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People vs. Milosevic, Part 2: Balkan wars

Former ambassador to the U.N. Richard Holbrooke: "There was nothing ultimately very charming about what (Milosevic) did"  

By CNN Chief International Correspondent Christiane Amanpour

BELGRADE, Yugoslavia (CNN) -- A few weeks after Slobodan Milosevic had been elected president of Serbia, more than a million people came to cheer him on Kosovo's field of blackbirds.

It was June 28, 1989, the 600th anniversary of the battle of Kosovo -- a legendary defeat that had come to symbolize Serbian martyrdom. And the new president was warming to that theme.

In a multi-ethnic region scarred by centuries of warfare, Milosevic -- a former communist bank official -- cast himself now as Serbia's new savior.

"Before the wars started, when our ambassador described him as a Yugoslav Gorbachev, there were a lot of misperceptions and people called him charming, because he had a certain ability to speak colloquial English," says Richard Holbrooke, former U.S. ambassador to the United Nations.

The People vs. Milosevic
Part 1: Milosevic's arrest 
Part 2: Balkan wars 
Part 3: Downfall 
Part 4: Epic corruption 
Part 5: Bodybags 
Part 6: Shadows 

"But there was nothing ultimately very charming about what he did."

In 1989 he removed Kosovo's autonomy, turning the province's Albanian majority into second-class citizens.

"Let's face it, he enjoyed a tremendous support, and of course the people were not aware for a number of years initially that this was leading to bloodshed, that this was leading to crime, that this country will be totally isolated," says political scientist Vojin Dimitrijevic.

Milosevic's display of Serbian authority helped stoke the fires of nationalism in other parts of Yugoslavia.

One by one the republics started to break away. Slovenia, Croatia, then Bosnia. Beginning in 1991, Milosevic sent troops and paramilitaries to fortify Serb communities in both Croatia and Bosnia. This escalated into what the world quickly came to know as ethnic cleansing.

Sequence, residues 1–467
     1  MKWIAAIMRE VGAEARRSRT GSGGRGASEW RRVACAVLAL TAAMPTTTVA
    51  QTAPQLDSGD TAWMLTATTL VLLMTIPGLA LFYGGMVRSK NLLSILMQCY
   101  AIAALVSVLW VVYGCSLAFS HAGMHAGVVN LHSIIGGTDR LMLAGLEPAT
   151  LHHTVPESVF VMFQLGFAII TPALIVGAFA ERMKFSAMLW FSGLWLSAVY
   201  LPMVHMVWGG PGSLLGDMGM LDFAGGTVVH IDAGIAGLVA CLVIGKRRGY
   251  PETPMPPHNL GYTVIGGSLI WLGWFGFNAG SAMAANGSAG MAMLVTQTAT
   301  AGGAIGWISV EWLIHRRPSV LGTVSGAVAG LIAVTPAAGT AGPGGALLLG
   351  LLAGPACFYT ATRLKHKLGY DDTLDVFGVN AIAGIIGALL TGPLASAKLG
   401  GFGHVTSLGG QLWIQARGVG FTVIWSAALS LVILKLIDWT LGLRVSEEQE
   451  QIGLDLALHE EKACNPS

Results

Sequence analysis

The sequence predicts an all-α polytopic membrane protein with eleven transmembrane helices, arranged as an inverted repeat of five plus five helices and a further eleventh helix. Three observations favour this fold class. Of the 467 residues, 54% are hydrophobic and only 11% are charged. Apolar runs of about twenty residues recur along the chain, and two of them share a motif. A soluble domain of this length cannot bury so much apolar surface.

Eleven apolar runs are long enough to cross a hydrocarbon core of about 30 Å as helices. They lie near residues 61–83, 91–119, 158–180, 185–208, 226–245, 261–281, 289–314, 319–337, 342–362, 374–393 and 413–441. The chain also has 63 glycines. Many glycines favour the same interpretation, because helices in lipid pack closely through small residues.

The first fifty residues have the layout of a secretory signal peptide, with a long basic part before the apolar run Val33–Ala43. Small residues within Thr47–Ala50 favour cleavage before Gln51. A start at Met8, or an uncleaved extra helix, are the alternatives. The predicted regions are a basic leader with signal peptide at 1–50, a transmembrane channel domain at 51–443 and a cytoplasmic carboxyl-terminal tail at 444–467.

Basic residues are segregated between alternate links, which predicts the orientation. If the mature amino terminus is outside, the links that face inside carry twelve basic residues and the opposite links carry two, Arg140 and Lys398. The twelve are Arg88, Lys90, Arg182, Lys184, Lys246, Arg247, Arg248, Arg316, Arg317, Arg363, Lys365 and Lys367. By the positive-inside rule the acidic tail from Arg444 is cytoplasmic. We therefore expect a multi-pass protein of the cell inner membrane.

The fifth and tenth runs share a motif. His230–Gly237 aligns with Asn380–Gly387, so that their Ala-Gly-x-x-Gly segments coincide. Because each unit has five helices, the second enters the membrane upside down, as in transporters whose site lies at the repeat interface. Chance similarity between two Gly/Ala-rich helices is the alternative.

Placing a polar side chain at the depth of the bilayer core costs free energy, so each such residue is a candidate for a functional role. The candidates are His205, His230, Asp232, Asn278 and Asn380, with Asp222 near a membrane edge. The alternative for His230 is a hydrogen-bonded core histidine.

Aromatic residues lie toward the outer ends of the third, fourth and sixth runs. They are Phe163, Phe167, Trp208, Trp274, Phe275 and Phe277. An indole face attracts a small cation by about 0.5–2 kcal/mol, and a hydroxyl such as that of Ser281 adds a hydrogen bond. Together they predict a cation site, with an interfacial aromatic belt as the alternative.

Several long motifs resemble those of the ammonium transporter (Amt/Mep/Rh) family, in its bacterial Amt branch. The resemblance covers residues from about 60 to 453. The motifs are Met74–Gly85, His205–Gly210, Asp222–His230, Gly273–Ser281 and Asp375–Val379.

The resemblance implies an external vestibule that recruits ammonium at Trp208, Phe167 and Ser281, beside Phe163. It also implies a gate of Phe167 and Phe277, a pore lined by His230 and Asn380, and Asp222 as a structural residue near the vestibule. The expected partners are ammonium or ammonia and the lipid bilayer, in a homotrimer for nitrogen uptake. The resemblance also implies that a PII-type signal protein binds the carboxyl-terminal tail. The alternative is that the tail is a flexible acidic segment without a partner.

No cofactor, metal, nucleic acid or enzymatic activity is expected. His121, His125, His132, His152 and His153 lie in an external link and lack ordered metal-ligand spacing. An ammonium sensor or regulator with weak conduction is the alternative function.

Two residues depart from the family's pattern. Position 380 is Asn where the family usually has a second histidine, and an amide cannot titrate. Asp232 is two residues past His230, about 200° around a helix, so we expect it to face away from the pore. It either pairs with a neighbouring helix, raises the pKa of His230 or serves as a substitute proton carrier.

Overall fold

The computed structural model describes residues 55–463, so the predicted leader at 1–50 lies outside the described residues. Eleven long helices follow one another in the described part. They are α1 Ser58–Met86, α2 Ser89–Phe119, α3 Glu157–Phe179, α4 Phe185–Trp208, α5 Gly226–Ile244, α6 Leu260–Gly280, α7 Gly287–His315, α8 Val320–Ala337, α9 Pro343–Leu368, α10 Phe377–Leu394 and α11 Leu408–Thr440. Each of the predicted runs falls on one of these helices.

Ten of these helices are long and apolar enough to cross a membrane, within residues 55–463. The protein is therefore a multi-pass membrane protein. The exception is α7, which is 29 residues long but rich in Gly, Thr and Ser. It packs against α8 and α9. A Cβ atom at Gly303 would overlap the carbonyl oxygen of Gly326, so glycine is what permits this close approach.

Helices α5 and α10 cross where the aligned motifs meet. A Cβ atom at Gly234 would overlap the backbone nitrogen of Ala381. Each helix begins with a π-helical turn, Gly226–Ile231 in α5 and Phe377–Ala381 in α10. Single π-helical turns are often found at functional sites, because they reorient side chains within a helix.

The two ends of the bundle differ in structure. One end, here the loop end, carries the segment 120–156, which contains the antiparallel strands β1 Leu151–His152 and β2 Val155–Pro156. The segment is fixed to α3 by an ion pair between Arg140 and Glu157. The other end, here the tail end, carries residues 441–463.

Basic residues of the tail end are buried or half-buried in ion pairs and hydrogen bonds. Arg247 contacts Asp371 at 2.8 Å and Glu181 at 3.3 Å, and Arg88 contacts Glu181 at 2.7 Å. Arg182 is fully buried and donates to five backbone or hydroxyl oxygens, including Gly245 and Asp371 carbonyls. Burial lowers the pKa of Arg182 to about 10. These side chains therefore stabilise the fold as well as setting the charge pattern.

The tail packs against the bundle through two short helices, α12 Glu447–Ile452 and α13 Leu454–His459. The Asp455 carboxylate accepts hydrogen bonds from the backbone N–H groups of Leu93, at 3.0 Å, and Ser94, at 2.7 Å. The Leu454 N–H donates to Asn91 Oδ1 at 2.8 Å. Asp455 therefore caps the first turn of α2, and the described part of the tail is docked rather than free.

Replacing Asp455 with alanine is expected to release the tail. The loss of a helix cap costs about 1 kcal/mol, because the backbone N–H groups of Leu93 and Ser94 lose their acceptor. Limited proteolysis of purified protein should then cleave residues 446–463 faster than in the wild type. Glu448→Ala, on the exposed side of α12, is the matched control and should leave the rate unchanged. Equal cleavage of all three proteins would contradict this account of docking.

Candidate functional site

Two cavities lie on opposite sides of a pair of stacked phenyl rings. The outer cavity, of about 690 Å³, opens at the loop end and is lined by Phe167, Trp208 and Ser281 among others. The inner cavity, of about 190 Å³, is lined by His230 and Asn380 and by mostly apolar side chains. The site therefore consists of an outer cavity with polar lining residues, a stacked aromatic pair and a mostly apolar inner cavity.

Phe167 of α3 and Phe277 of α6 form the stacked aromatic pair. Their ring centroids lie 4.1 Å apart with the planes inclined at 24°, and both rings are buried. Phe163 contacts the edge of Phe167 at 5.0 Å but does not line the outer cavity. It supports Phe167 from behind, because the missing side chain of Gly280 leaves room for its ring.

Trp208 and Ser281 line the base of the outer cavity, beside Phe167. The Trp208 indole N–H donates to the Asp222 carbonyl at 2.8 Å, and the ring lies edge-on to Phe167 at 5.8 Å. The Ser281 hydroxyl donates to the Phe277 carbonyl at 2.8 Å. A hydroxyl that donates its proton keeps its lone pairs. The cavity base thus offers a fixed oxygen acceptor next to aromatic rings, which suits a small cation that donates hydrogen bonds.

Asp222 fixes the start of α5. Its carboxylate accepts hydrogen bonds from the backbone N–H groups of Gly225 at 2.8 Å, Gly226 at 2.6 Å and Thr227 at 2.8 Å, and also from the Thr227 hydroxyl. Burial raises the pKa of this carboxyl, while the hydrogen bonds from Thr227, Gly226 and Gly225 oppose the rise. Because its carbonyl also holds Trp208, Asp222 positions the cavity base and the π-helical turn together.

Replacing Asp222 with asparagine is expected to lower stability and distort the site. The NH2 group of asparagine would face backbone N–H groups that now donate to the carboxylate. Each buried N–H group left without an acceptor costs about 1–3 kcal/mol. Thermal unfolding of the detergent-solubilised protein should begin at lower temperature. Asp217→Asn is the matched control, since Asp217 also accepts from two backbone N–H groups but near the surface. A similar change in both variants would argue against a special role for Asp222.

"He was a man who instituted an evil regime in much of the region," says Holbrooke.

"He is ultimately responsible for these wars. He started them, or alternatively he stimulated them by his words, or by his actions"

With Serbian soldiers being killed, Belgrade's citizens began protesting the young men's deaths. They were labeled traitors and they were beaten by Milosevic's police.

"Fear was prevalent here, and not only fear from the secret police, but fear from your neighbor. Neighbors. You know, it's terribly unpleasant even for physically courageous people to be regarded by their neighbors as traitors. And many of us were regarded like that," says Dimitrijevic.

Srebrenica massacre

In the spring of 1992, soldiers from the Yugoslav National Army joined Bosnian Serb forces in the hills above Sarajevo, raining terror on the Bosnian capital in the hopes of crushing the fledgling state.

The siege of that multi-ethnic city cost more than 10,000 lives and lasted almost four years.

Refugees from Srebrenica, where more than 7,000 remain missing following a massacre by Bosnian Serb forces  

In the summer of 1995 came the single worst atrocity of the entire Balkan war -- the massacre at Srebrenica by Bosnian Serb forces. To this day more than 7,000 Muslim men and boys remain missing.

Later that year, Milosevic and the leaders of Bosnia and Croatia sign the Dayton Peace Agreement, formally ending the war.

"Due to the successful conclusion of the negotiations in Dayton, this day will enter into the history as the date of the end of the war in the area of the former Yugoslavia," Milosevic said.

With the wars now over, at home Milosevic found his authority increasingly challenged.

"Somewhere in 1998 Milosevic realized that he had really lost the initial Hitler-like support he had in the population," says Dimitrijevic.

So that year he again resorted to violent nationalism, this time in Kosovo -- the place where he had first planted those seeds a decade earlier. The ethnic Albanians he had disenfranchized then had now built their own army -- the KLA, the Kosovo Liberation Army.

"He realized that he could not prosper without the war. Whenever there was no war, he was in trouble in Serbia," says Dimitrijevic.

But the West had had enough of Milosevic's wars, and when he refused a deal that would bring NATO peacekeepers into Kosovo, NATO instead bombed Milosevic into submission.

It took 78 days for him to finally back down. But for the people of Serbia this was one defeat too many.


• Case against Milosevic In-depth Special

• International Criminal Tribunal for the former Yugoslavia

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